It all worked out fine, though. To HP’s credit they let us use the email system for prayer requests and informal communications. Many wonderful things were accomplished with that. We could use conference rooms for lunch time Bible studies. In some ways it was better to be an unofficial group than an official one, because that way we didn’t look too “corporate.”
It also gave us a great witness opportunity. I found out later that the leaders were amazed that we didn’t protest and complain like other groups did. We didn’t agree with their decisions, but we always responded graciously and didn’t disrupt the workplace.
The “Day of Silence” and “Diversity Week” programs at businesses and schools are a joke. They aren’t about diversity at all. They are aggressively promoting a particular worldview – and doing so with the power of the State in the case of the schools. If they want to champion real diversity, how about inviting people with opposing views, such as those who view homosexual behavior as immoral yet think the homosexuals themselves should be treated with kindness and dignity and protected from abuse? Now that would be real diversity.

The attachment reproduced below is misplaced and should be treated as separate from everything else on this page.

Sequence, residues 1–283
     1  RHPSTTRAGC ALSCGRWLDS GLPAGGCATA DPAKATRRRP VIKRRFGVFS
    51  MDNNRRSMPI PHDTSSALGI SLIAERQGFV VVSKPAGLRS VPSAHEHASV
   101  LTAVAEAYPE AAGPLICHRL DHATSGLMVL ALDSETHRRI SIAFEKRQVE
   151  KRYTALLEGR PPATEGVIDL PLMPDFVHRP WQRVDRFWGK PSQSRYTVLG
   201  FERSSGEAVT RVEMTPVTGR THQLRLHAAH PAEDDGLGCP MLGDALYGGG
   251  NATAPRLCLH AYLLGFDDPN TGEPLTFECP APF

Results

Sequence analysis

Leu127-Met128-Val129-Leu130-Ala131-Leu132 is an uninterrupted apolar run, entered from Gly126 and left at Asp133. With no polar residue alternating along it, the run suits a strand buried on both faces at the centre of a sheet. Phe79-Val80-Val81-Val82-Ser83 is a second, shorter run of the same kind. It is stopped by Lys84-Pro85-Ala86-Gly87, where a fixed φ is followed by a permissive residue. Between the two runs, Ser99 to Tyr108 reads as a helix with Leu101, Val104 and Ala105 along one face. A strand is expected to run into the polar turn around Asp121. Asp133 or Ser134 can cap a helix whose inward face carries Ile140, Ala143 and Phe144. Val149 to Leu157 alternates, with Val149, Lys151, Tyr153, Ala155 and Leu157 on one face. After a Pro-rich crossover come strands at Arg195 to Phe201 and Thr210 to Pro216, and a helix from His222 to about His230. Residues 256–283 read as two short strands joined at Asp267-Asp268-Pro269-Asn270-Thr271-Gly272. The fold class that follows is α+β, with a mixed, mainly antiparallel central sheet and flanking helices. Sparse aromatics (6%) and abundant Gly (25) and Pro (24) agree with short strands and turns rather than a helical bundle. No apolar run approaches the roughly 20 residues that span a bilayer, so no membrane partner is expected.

I really encourage you to watch these videos and check out this site. This is going on in public schools – elementary schools – today!
14 thoughts on “Disingenuous Diversity”
Good post, loved it. Not to be trivial, but I love your little graphic pix. . . . . . . . . . Next Stop Lauderdale
This is a wonderful post. The place where I work has a huge diversity program, and I have yet to hear of a Christian group. You’ve stirred my interest in that direction. A while back, Dan and I had talked about this too, and he also had suggested I should bring it up. Your post has brought more light into a possible path. I’ll keep you posted.
And yes – those videos are very troubling. I would be so upset if my children were exposed to such ideas in such deceiving way. Are elementary schools supposed to teach this stuff? What happen to 2+2?
Our Public High School has an officially sponsored Christian Group. No other religious clubs are listed.
Some Somali parents got together and formed a parent group independant of the school district, to help other Somali parents integrate better. They arrainged a meeting with the school staff, and called it “Somali Family Night”